A high serum CA 125 in suspected cases of fallopian tube carcinoma can aid in the diagnosis as CA 125 antigen is produced by fallopian tube carcinoma [14]. CA 125 level are elevated in 65% of PFTC cases [16,17]. Elevated serum CA 125 was found to be associated with advanced or recurrent fallopian malignancy [15,18]. Additionally, studies have agreed that post-operative CA125, is a valuable marker for disease progression and follow up [19,20].

Imaging as in any other gynaecological malignancies should be part of the work up for fallopian carcinoma. Sonographic findings of fallopian cancer are nonspecific in form of adnexal mass which can mimic other conditions such as tubo ovarian abscess, ectopic pregnancy or ovarian carcinoma. However, fallopian carcinoma can be seen as a sausage shape, multilobulated or cogwheel like mass on ultrasound. Transvaginal ultrasound with colour Doppler was found to be more useful in the diagnosis of fallopian carcinoma by detecting neovascularization of the fallopian tubes [21]. Moreover, three-dimensional Doppler ultrasound can demonstrate irregularities of the fallopian wall which could aid in the pre-operative diagnosis of fallopian tube carcinoma [22].

Recent publications have demonstrated the role of cervical pap smear in preoperative diagnosis of fallopian tube carcinoma. Pectasides D et al noted that abnormal pap smear with unremarkable colposcopy, endometrial curettage and cervical biopsy should raise the suspicion of PFTC [23]. Cases of fallopian tube carcinoma have been reported in women with whom the sole finding was the presence of malignant cells and psammoma bodies in the cervical smear [24-27].

The different histological types of PFTC are: serous, endometriod, mixed, undifferentiated, clear cell, transitional and mucinous with the serous being the most common type followed by the endometrioid [23]. Staging of PFTC is similar to the surgical staging of ovarian carcinoma depending on the intraoperative findings of the extent of the metastases of the tumour. PFTC behave like primary ovarian cancer in terms of the pattern of the spread. However, unlike primary ovarian cancer, PFTC can often be detected at earlier stages. Lymphatic spread to the peritoneal cavity has been detected in about 80% of advance PFTC cases [28]. Surgical staging of the tumour is the guide for post-operative treatment. The surgery includes total abdominal hysterectomy, bilateral salpingo-oophorectomy along with omentectomy and lymphadenectomy with the latter being an essential component of the surgery.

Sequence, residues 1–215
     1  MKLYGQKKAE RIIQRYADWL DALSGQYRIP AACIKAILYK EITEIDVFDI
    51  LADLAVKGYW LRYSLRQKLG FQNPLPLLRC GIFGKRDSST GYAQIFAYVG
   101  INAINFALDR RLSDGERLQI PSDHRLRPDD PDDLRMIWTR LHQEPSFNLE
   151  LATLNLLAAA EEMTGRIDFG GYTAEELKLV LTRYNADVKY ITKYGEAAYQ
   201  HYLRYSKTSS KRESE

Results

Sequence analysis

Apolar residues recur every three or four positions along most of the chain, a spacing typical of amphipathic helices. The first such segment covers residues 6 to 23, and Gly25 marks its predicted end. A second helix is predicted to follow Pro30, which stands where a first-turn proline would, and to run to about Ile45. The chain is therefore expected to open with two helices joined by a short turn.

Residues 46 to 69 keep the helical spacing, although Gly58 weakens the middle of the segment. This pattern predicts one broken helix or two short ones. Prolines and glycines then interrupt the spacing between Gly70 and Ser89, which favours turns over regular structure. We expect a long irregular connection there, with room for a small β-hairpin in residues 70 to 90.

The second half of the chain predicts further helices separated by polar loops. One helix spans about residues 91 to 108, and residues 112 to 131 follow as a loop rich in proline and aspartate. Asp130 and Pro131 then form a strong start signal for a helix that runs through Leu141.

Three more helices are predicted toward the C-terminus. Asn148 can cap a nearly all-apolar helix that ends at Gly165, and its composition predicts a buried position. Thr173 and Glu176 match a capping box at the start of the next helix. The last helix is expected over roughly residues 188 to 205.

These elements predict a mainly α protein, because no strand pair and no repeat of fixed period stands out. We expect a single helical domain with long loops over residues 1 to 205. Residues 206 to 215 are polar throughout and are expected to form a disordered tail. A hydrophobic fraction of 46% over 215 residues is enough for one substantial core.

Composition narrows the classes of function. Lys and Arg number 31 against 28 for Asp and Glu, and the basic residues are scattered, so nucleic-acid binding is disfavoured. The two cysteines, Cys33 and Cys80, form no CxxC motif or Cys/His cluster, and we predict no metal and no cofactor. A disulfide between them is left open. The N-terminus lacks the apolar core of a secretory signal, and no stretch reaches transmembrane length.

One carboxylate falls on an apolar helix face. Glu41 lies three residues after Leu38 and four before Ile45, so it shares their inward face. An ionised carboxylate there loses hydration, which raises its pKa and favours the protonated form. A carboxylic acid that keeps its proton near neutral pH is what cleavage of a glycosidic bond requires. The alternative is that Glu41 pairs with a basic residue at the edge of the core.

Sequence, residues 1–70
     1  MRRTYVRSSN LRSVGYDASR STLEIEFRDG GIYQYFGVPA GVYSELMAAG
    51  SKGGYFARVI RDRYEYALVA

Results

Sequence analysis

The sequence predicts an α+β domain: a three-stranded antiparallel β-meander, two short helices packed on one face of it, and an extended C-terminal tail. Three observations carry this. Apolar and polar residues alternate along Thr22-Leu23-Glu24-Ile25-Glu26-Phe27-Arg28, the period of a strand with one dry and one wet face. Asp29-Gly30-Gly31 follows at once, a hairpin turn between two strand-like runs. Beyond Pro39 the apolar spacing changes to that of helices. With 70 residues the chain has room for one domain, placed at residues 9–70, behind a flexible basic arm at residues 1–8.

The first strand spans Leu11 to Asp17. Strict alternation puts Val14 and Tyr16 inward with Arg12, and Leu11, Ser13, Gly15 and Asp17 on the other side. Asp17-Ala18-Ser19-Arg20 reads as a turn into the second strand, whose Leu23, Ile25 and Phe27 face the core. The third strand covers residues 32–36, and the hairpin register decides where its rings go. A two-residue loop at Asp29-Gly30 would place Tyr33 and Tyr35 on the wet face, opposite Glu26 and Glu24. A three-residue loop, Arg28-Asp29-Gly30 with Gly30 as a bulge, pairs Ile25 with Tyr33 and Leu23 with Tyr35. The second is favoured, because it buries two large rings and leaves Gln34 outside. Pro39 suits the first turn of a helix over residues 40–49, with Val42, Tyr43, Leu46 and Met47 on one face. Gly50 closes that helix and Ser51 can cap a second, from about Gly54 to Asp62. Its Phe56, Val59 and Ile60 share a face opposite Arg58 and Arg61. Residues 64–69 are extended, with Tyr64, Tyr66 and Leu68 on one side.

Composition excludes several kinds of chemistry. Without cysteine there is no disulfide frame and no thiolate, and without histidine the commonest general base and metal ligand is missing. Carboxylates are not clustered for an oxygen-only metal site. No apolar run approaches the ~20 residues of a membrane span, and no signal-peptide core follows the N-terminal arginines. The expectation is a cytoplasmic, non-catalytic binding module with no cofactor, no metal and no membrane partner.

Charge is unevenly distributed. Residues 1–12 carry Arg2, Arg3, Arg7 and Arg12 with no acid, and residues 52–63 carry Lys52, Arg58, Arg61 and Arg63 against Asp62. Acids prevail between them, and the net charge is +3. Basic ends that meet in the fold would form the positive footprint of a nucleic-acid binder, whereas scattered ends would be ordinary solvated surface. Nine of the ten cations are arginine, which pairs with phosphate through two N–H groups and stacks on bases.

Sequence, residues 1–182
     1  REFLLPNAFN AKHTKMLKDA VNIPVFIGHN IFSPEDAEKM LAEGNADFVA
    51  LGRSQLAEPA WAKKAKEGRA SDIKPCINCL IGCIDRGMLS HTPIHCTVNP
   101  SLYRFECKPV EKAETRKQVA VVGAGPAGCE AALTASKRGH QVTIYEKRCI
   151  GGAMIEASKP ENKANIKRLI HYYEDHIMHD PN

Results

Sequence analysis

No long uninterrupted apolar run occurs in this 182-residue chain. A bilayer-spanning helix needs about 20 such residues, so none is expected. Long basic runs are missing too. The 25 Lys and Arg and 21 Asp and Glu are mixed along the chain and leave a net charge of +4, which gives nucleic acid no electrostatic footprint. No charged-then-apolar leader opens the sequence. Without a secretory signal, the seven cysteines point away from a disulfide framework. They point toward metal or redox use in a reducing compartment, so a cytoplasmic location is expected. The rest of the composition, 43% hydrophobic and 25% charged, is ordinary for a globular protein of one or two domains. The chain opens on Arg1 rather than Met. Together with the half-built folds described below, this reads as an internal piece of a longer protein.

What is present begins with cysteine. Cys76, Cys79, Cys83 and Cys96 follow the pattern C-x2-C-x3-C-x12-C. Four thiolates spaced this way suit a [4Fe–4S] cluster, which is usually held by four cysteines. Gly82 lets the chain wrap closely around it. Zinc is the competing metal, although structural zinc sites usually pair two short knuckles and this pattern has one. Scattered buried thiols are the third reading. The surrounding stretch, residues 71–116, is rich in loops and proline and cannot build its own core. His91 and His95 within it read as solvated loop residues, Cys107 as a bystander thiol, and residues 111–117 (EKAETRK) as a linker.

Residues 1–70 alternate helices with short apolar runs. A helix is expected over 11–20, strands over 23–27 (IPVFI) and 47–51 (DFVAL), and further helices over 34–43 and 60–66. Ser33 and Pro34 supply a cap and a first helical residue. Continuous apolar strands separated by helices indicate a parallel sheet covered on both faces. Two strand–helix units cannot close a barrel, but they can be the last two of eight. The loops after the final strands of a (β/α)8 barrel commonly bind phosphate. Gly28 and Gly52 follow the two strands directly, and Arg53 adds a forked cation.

Although PFTC is one of the rarest malignancies, it can have detrimental impact on the quality and quantity of the woman’s life and her family. Hence, bilateral salpingectomy is highly recommended for those women who are at high risk for ovarian cancer. Given the rarity and the nonspecific presentation of PFTC, efforts is to be focused on more literature studies to better inform the gynaecological practitioner about this type of malignancy and to aid in identifying possible ways for early recognition and diagnosis and thereby a better prognosis and outcome.

Patient Consent

Patient consent was obtained.


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Correspondence & Copyright

Corresponding Author: Lara Strakian, Lecturer, Department of Obstetrics & Gynecology, Campbelltown Hospital, Australia

Copyright: © 2023 All copyrights are reserved by Lara Strakian, published by Coalesce Research Group. This work is licensed under the terms of the Creative Commons Attribution License, which permits unrestricted use, distribution and reproduction in any medium, provided the original author and source are credited.